But I read Master of Sanctity earlier this month and the wait has been quite fruitful indeed. Gav made the long wait worth every moment since the novel is a brilliant follow-up to what he did in Ravenwing, giving a more thorough insight into the many mysteries of the Dark Angels and exploring their many secrets. The duality of the Dark Angels, in their oaths to the Imperium and to themselves to hunt down the Fallen wherever they may be found, is at the heart of this novel, and our primary lead-in this time is none other than the chapter’s Master of Sanctity himself, Grand Master Sapphon, and we even get a look at the fiercely conservative Chaplain Asmodai, with whom Sapphon clashes again and again in the novel.

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Comics Picks For 05.11.2014

After several weeks of trying to get back to the magical 40, I hit that number once again this week and the great thing was that this one consisted of 37 singles and 3 graphic novels, which was pretty fun in itself!

My top picks for the surprise hits of the week would be Eternal Warrior: Days of Steel #1  from Valiant Comics, John Carter: Warlord of Mars #1 from Dynamie Entertainment, both the new Death of Wolverine tie-in issues of Life After Logan and Weapon X Program from Marvel Comics, All-Star Western Volume 6 from DC Comics and Teenage Mutant Ninja Turtles/Ghostbusters #1 from IDW Publishing. The most disappointing comics of this week were Superman Unchained #9 from DC Comics, Jennifer Blood: Born Again #4 from Dynamite Entertainment and Grimm Fairy Tales: Cfinderella #1 from Zenescope Entertainment. Other than that, there were lots of other great titles such as the new John Carter: Warlord of Mars #1 from Dynamite, Trial of Jean-Grey from Marvel Comics, Batwoman Volume 5 from DC Comics and Vampirella #6.

The graphic novels for this week were All-New X-Men & Guardians of the Galaxy: Trial of Jean Grey by Brian Michael Bendis, Stuart Immonen and Sara Pichelli, Batwoman Volume 5 by Marc Andreyko and Jeremy Haun, and All-Star Western Volume 6 by Justin Gray, Jimmy Palmiotti, Staz Johnson and Darwyn Cooke.

Anyway, here’s another edition of “Comics Picks For…”. Full reading list, as always, is available here and all my comics reviews are available here.

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Agents of SHIELD Season 2 Ep 7 (TV Show Review)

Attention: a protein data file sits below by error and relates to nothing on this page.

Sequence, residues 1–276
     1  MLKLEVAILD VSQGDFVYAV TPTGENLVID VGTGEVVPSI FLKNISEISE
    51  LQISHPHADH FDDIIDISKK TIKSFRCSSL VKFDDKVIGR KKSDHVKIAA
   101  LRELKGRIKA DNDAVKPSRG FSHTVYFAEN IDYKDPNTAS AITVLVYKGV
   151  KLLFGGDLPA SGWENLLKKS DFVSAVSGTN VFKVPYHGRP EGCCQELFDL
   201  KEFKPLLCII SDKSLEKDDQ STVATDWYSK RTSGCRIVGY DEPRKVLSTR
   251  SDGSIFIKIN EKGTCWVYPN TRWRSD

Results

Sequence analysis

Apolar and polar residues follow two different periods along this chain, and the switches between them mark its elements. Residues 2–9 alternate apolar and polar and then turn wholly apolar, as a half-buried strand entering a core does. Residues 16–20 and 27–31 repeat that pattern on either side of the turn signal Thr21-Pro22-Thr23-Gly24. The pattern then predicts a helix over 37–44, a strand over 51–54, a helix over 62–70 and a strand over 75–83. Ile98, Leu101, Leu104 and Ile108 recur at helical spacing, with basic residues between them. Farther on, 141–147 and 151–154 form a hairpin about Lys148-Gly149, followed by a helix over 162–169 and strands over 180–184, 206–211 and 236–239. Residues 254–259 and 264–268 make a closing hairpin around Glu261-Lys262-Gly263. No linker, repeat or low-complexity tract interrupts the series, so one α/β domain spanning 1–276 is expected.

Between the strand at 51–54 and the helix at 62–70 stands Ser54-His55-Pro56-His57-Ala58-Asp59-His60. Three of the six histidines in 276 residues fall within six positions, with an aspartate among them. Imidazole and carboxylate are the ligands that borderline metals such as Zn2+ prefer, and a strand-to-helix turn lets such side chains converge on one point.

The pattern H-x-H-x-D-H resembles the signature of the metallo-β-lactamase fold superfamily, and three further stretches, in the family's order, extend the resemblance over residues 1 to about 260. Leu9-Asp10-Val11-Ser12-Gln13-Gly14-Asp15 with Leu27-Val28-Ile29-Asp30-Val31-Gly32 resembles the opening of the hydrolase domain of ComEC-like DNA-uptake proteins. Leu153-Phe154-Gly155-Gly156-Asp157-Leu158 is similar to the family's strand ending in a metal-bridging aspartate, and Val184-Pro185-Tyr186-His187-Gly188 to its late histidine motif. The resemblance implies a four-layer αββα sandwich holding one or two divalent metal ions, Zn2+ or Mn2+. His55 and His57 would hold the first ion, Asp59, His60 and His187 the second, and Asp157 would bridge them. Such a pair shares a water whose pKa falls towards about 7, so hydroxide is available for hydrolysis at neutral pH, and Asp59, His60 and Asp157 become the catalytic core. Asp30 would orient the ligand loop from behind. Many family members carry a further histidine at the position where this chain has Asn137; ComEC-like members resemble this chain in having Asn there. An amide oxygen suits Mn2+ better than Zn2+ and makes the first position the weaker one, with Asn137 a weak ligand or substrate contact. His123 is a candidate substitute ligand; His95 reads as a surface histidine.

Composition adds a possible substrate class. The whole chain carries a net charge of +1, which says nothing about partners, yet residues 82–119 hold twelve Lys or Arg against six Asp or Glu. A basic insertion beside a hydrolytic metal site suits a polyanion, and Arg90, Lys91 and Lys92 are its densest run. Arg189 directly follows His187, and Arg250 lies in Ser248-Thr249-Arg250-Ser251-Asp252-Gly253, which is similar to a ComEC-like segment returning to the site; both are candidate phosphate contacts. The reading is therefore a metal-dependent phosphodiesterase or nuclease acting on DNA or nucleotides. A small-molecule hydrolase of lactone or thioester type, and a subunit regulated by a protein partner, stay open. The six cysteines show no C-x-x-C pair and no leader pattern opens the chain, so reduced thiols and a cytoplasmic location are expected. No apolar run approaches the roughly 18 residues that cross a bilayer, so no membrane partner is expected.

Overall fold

Last week’s episode was pretty damn intense, especially with that killer ending when Grant Ward escaped the government troops who took over custody of him from Coulson’s SHIELD agents. Throughout the episode, we were treated to one twist after another as we saw how Grant and his brother Senator Christian Ward manipulated the people around them to get what they wanted. And we got some great dynamics between two of the team’s recent additions, Bobbi and Lance, which was pretty damn great. Going forward, the implications were pretty clear.

This week’s “The Writing on the Wall” is set in the aftermath of Ward’s escape and what the team is doing about it. Moreover, a big chunk of the episode is taken up with the strange alien carvings that Coulson has been doing for a while now, writings which drove John Garrett crazy last season and which seem to have affected at least one more person as of a certain cliffhanger a while back this season. More flashbacks to the days of the TAHITI project mean that this episode is all-out awesome and we finally get a true idea of what the entire project was really all about.

Note: This review contains spoiler speculation about the ending of this episode, a possible spoiler about at least one upcoming Marvel Cinematic Universe movie.

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Alien vs Predator: Fire and Stone #1-2 (Comics Review)

Dark Horse Comics’ big re-energising of its various Alien, Predator and Alien vs Predator franchises began last month when the publisher launched new 4-issue mini-series for each franchise, and also another one for Ridley Scott’s last, Prometheus, which is the prequel to the first Alien movie. All four books have been quite amazing so far and the great thing about them is that they all flow from one to the other, to show how Prometheus‘ LV-223 came to be infested with Xenomorphs and how they spread out and how the Predators got involved. Really fun stuff!

Christopher Sebela and Ariel Olivetti’s Alien vs Predator: Fire and Stone is the story of how the survivors of the Geryon and the other ships get off LV-223 and how they bring xenomorphs aboard thanks to the android Elden who is somehow corrupted during Prometheus: Fire and Stone and becomes the big bad monster of this series. Following the scientist Francis and the gun-arm Galgo and even Galgo, this is pretty much how I expected a fight between the Xenomorphs and Predators to go down. Ariel Olivetti’s leaves some things to be desired, but the sheer ferocity of the Predators and the horror of the Xenomorphs is captured very well!